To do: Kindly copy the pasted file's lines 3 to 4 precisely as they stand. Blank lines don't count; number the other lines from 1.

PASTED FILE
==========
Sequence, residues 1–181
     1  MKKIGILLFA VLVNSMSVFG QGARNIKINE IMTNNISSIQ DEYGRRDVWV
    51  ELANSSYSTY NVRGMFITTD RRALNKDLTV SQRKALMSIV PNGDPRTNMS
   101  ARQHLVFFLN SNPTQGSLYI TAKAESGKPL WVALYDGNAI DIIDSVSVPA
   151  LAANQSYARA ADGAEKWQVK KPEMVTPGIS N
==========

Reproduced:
    51  ELANSSYSTY NVRGMFITTD RRALNKDLTV SQRKALMSIV PNGDPRTNMS
   101  ARQHLVFFLN SNPTQGSLYI TAKAESGKPL WVALYDGNAI DIIDSVSVPA